Robert Lach (1874-1958) is another name almost lost to history and now partially rehabilitated by Brilliant Classics. At least it will now be possible to hear the creative voice of this law-student turned ethnomusicologist whose more-than-cultural interest in German Nationalism produced many collections of vernacular material such as folksongs as well as a strong association with Hitler’s National Socialist Party. In fact he was a stern critic of his colleagues’ slavish attempts to link racial theory to musicology with panegyrics to Wagner and Bruckner, and his interests remained primarily academic, as attested by his painstaking work in catalogueing the collection of musical manuscripts in the National Library of Vienna.
Lach’s own compositions include eight masses, ten symphonies, twenty-five string quartets and a great deal of other instrumental music, but little of his music has been published beyond his songs, a genre in which he was no less prolific. His historiographical enthusiasms may now be freshly appreciated with this new recording of the sonatas he wrote for an instrument which was long obsolete even by the late 19th-century, the viola d’amore. The instrument’s noon came in the Baroque era: Biber, Scarlatti and Vivaldi all wrote sonatas, though as late as 1756, Leopold Mozart could remark that it sounds ‘especially charming in the stillness of the evening.’
Valerio Losito has demonstrated the particular qualities of the viola d’amore on two previous Brilliant Classics releases, of solo music from the Baroque period (BC94367) and sonatas by Scarlatti (BC94242). Lach, however, was composing in a richly Romantic idiom comparable with the late music of Brahms, and his three sonatas date from 1913-22, being thus doubly archaic in style. The album is completed with nine Lyric Pieces (1920-23) which explore Romantic moods and characters, as their titles reveal (Idylle, Humoreske, Romanze, Barcarole, Elegie, Cavatine, Legende, Ballade, Gavotte).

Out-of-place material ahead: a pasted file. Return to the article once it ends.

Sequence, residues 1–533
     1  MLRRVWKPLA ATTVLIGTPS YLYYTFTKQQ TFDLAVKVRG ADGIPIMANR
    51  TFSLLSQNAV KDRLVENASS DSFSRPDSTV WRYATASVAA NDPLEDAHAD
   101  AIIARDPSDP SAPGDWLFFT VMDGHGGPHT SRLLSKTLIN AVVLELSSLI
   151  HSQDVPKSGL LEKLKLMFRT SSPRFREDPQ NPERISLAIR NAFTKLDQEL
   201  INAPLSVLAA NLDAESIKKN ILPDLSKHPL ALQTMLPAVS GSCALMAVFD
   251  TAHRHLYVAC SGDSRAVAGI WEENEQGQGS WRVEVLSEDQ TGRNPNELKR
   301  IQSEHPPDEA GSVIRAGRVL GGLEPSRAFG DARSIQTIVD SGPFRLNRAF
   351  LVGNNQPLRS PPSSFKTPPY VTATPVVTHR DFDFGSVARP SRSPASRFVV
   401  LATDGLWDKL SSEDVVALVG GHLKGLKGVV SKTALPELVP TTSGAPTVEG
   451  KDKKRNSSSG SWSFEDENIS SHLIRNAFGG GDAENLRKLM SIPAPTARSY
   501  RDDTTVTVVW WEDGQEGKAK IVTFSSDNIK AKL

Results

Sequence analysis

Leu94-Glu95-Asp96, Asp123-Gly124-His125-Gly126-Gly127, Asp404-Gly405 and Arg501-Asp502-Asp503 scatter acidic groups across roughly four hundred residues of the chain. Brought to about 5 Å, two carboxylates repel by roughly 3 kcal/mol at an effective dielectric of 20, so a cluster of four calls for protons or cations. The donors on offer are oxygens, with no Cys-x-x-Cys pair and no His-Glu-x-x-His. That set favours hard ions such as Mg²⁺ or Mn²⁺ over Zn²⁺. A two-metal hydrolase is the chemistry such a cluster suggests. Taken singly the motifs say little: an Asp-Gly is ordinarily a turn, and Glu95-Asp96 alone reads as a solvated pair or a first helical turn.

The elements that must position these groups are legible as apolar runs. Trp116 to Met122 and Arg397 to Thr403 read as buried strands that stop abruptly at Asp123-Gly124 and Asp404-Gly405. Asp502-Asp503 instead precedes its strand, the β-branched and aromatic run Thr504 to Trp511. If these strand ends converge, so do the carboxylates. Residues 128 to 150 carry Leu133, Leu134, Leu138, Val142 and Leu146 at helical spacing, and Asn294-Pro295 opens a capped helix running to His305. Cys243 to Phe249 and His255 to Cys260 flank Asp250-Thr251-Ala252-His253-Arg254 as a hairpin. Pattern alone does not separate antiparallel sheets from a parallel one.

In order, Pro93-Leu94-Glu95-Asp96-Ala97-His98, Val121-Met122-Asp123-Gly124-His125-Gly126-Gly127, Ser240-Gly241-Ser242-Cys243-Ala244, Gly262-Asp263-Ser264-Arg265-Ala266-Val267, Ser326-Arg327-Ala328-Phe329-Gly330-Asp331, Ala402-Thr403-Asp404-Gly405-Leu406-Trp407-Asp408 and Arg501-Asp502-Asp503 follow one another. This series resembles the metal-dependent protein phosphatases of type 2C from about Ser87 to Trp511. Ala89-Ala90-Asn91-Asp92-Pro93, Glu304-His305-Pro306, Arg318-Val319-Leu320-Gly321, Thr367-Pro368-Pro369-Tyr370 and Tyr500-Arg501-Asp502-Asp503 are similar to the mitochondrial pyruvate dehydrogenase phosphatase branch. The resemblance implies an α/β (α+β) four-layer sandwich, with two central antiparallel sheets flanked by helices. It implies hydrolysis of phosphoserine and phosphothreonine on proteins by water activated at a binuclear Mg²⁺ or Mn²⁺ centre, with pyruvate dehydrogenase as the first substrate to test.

Robert Lach (1874-1958) was an Austrian scholar, (ethno)musicologist, philosopher, Professor at the Wiener Akademie, in short a scientist pur sang, with a passion for composing: he wrote a substantial oeuvre of 10 symphonies, masses, 25 string quartets and other chamber music. His style is Post-Brahmsian: quietly flowing and arching melodies over rich and late-romantic harmonies.
Robert Lach was the last composer writing for the viola d’amore, an instrument much in use in the baroque, but later overshadowed by the violin and viola. This recording presents his complete 3 sonatas for this instrument, as well as the 9 Lyrische Stücke.
Italian violinist Valerio Losito is a strong advocate of this music, he already recorded a highly praised viola d’amore solo album for Brilliant Classics (BC94367) as well as sonatas by Veracini, Tessarini and Scarlatti.
This disc is a FIRST RECORDING, and a real find!
Extensive liner notes written by the artist.